Late War Roles of the Spitfire

With the attention of the Allied forces directed toward the Mediterranean, the fighter effort from the UK was focused on defending against continuing German air attacks, on rhubarbs against German airfields and shore installations in France, and on escorting American bombers on cross-Channel missions into France and the Low Countries. As the Allied emphasis changed to preparing for the invasion of Normandy, Spitfires were converted into ground-attack aircraft with the addition of hard points for bombs and rockets. Ground attack would continue to be a major Spitfire mission through the remainder of the war. Another role for the Spitfires was intercepting the pilotless V-1 buzz bombs before they could reach their targets in the vicinity of London.

Spitfires also played a role in the Far East, where the first of the type arrived in India in October 1942. Within two weeks they were flying missions over Burma. Spitfires would play an ever-increasing role in the China-Burma-India (CBI) Theater and were instrumental in preventing the Japanese from overrunning Allied installations at Imphal in the spring of 1944. Spitfires also saw service in the defense of northern Australia, although it was not until early 1943 that they entered operations there. Several Australian and New Zealand squadrons in the UK had previously been equipped with the Supermarine fighter. As pressure on the Northern Territories lessened, Royal Australian Air Force 79, 452, and 457 Squadrons moved northward to New Guinea.

Developing the Seafire

The success of the Spitfire led to an adaptation of the type for the Fleet Air Arm of the Royal Navy, following a precedent that had already been set by the Hawker Hurricane. To distinguish them from the RAF aircraft, the Navy fighters were referred to as Seafires. Although later production models featured folding wings to allow storage aboard carriers, the first Seafires were nothing but production Spitfires that had been modified for carrier landings by the addition of an arrester hook.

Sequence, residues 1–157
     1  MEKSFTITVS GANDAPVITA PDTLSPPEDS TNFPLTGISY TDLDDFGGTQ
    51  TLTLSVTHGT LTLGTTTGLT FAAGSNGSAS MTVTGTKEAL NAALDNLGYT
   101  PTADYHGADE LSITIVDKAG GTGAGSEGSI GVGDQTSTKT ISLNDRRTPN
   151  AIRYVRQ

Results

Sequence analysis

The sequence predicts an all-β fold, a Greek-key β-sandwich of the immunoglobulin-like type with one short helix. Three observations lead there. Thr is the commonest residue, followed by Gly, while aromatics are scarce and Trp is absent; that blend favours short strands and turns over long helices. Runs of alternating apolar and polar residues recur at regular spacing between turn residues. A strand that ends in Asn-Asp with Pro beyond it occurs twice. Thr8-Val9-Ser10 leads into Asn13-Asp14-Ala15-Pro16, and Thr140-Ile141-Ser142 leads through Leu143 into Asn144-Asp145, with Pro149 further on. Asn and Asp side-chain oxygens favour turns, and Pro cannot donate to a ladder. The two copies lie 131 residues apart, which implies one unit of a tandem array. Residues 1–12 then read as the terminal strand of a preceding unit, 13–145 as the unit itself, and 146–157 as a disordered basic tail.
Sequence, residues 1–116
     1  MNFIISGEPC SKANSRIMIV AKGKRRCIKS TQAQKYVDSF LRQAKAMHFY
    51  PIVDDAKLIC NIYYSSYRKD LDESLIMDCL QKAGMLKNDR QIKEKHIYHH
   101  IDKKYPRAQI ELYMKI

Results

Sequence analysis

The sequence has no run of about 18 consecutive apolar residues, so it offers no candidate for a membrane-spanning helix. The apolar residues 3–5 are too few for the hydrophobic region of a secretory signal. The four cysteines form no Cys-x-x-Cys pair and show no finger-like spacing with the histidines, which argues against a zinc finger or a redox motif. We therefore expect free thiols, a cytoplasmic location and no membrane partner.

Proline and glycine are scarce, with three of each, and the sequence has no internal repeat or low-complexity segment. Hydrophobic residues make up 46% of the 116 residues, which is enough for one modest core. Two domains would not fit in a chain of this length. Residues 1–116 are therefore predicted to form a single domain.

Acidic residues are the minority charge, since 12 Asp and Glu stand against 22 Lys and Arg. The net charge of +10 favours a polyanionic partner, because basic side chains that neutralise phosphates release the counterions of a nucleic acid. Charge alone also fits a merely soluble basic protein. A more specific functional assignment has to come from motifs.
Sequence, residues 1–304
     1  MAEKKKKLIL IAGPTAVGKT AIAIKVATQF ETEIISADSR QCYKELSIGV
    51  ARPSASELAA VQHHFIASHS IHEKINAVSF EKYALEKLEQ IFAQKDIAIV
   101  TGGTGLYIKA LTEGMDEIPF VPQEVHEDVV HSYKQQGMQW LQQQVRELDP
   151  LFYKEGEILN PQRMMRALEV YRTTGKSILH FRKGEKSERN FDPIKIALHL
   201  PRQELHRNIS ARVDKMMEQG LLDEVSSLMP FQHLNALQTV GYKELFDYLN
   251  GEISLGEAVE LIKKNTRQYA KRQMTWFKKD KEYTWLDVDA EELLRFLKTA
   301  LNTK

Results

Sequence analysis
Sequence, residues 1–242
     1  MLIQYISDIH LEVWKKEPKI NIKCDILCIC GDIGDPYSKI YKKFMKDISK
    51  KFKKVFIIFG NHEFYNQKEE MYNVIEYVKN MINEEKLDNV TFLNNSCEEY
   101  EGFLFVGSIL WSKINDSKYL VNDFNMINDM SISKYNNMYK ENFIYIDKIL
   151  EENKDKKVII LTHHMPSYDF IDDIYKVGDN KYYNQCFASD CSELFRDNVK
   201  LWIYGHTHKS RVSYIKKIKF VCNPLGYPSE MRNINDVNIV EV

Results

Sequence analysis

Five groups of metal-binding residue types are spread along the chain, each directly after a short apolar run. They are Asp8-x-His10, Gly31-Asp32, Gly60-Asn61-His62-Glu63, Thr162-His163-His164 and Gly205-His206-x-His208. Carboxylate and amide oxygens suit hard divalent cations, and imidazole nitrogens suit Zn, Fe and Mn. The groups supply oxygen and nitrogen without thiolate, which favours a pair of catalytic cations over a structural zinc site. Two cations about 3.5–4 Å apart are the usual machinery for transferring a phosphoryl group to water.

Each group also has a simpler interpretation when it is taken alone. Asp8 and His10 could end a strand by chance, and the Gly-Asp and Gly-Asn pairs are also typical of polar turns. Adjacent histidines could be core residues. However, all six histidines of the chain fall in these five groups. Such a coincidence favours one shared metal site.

RAF and U.S. Spitfires had been flown off carriers during deliveries to Malta and North Africa, but the Seafires had true carrier capability. Unfortunately, the narrow landing gear and elongated nose made carrier landings difficult, and the Seafire was not a successful adaptation. Seafires did serve in the Pacific aboard the carrier HMS Implacable, but other British carriers in that theater carried American aircraft types.

Service Around the World

Spitfires served with many nations, not only in the international squadrons of the Royal Air Force that included Czechs, Poles, Belgians, Norwegians, and South Africans. They were also exported. The Soviet Air Force operated more than 1,300 Spitfires as both fighters and reconnaissance aircraft. Turkey was an early customer for the Spitfire, while Portugal received about 50 of the planes in late 1943. Spitfires were also provided to the Egyptian Air Force. A failed British and American diplomatic effort toward Sweden would have diverted 200 Spitfires to the Swedish Air Force in return for a suspension of shipments of Swedish ball bearings to Germany. After deliberating for several days, Sweden rejected the offer.

Whether it was as the hero of the Battle of Britain, interceptor and attack aircraft in North Africa, defender of Malta, or early escort fighter for strategic bombers, the Spitfire earned its rightful place in military aviation history.